The very finest and most important architectural firms and experts in the world understand that they have a responsibility to design buildings and structures that are sustainable in the processes of building and refurbishment, but also in the way that they are designed and structured in order to survive for a long time into the future. The key word for many modern architects is that of adaptability. It is a key concept, where sustainable materials in the design and build of a project are utilised, without having to worry about the integrity of the structure in question or the design and aesthetic levels that are being appealed for. There are numerous ways in which this approach can be achieved, using both modern, sustainable techniques and methods in combination with the traditional processes and design concepts that have become ingrained in the way that architects and designers have successfully practices for generations.
How can we define a building as a sustainable one? There are a few factors to consider, with one of the more easily definable that of the thermal qualities of the building. If these levels are stable, with local and traditional materials helping to create solid walls you have a good foundation to build from. Windows are designed and positioned to correspond to the local conditions, allowing for the right levels of light and ventilation. When looking to build sustainably in terms of energy consumption we can take our lead from the buildings of the past, where there was no energy or utilities to speak of and yet buildings were made to last a long time.
Traditionally, houses were built to keep cool during summer and to remain warm during the winter months. By utilising the design choices of the past and combining it with modern, sustainable materials you can create homes that will last for a long time into the future.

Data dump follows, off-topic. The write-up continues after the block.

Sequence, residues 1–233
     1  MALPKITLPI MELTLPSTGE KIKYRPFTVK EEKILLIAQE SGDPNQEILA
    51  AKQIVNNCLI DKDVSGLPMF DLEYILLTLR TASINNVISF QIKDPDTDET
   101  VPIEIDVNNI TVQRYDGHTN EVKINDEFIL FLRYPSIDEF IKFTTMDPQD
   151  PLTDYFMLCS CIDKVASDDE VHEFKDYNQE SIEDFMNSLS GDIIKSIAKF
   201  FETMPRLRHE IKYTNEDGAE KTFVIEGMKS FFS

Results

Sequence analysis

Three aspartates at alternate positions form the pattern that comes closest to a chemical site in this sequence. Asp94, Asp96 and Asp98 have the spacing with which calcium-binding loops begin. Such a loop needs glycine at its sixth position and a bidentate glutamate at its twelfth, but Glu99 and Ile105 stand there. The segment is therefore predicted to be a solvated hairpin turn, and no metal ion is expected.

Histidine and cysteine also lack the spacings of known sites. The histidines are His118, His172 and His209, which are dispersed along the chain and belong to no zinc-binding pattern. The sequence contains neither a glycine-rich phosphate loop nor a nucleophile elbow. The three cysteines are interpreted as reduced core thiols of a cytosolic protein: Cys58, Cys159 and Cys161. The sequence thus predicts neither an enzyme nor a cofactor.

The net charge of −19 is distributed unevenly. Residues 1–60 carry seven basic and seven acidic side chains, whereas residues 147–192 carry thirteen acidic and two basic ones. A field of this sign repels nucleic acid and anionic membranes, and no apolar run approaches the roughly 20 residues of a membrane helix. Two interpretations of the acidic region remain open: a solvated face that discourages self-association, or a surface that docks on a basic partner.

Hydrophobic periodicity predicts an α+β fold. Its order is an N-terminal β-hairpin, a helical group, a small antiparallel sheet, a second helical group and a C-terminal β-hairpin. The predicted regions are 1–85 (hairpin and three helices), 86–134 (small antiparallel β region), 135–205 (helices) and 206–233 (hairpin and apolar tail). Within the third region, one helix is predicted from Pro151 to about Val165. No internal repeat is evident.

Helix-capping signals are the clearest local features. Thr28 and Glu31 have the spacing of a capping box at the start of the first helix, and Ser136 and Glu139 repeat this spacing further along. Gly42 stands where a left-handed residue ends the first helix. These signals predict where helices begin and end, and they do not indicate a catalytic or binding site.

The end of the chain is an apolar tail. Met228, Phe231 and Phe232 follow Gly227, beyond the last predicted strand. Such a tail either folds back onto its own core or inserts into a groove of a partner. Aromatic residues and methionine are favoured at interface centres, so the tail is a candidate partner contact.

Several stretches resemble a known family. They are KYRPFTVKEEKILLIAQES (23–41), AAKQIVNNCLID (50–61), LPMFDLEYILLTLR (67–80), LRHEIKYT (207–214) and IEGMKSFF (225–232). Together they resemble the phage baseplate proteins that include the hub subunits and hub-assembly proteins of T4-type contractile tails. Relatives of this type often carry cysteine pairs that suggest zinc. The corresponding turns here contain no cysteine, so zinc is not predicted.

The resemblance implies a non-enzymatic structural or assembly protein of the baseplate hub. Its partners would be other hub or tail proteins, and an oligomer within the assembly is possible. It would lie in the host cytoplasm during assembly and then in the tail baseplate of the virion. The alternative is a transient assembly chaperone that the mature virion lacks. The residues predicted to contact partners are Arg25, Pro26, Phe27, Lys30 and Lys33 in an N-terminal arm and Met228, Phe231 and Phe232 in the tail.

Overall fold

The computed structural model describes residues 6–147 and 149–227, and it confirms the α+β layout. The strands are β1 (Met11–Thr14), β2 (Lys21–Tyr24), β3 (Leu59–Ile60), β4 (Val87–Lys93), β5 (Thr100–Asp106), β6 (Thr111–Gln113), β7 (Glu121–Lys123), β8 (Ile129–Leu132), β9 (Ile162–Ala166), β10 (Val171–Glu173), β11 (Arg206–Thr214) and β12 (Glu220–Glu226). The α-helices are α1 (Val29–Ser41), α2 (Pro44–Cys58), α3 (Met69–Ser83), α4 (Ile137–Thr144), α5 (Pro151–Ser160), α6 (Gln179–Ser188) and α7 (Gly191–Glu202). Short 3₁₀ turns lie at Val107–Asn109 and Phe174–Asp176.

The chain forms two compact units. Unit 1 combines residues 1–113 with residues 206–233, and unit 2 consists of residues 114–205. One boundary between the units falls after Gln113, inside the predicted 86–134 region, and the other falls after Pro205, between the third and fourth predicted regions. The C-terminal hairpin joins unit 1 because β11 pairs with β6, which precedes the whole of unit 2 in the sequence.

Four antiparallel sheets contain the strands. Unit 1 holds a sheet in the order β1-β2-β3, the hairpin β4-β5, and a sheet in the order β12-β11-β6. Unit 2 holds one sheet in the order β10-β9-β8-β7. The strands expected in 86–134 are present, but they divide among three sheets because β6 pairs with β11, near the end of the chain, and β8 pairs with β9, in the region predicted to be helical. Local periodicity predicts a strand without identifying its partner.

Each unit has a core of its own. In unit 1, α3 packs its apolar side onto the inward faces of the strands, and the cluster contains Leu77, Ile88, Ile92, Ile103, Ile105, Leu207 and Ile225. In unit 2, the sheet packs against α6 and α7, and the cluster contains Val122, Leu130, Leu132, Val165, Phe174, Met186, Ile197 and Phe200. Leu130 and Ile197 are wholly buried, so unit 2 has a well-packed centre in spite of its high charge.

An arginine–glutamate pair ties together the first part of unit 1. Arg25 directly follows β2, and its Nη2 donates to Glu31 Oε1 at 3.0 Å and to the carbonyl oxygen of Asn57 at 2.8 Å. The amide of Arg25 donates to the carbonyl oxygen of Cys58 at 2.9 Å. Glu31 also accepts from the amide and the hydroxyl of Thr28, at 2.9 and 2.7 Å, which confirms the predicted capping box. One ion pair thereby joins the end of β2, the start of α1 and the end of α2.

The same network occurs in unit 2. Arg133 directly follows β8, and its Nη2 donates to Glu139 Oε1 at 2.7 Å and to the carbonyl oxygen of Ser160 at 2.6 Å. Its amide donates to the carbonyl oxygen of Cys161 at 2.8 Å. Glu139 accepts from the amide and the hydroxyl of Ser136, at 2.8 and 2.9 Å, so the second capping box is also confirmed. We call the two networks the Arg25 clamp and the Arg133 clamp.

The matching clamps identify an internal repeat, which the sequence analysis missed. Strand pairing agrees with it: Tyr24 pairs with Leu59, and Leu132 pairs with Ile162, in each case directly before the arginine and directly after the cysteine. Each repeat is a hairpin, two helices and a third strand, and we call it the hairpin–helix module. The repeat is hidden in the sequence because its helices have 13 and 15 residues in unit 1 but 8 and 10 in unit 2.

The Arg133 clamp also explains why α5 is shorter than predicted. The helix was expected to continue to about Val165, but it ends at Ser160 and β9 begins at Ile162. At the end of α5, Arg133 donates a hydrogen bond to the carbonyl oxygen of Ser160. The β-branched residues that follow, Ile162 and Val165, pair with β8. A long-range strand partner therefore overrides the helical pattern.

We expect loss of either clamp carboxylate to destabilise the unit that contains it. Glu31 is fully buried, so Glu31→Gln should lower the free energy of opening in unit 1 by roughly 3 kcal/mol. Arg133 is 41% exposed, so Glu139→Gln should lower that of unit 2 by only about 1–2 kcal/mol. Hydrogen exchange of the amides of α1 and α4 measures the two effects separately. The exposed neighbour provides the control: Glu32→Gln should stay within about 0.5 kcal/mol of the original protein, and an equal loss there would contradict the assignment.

Sustainability also relates to the materials used in the construction process. Projects that look to local materials for manufacturing can factor into the project low energy technologies and a more sustainable outlook as a result. If you can use recycled materials at any point that too will help to boost the ‘green’ credentials of the build. Architects and designers are now looking to put together structural plans where sustainable, local materials can be used in this way.
A design and plan that offers minimalism is another approach to sustainable design and architecture, with lightly glazed buildings in the place of large glass pane windows, and the use of materials that don’t use up too much energy in the construction process and beyond. Modernist structures that have been built in recent times are often built with many glass panes, but may not be as energy efficient as they first propose.
This shouldn’t be that much of a surprise when you consider how many historical, listed buildings there are in the UK, and how they maintain integrity and sustainability whilst keeping the traditional methods of design and build. Combining both schools of thought is the best approach for the modern day, sustainable-thinking architect.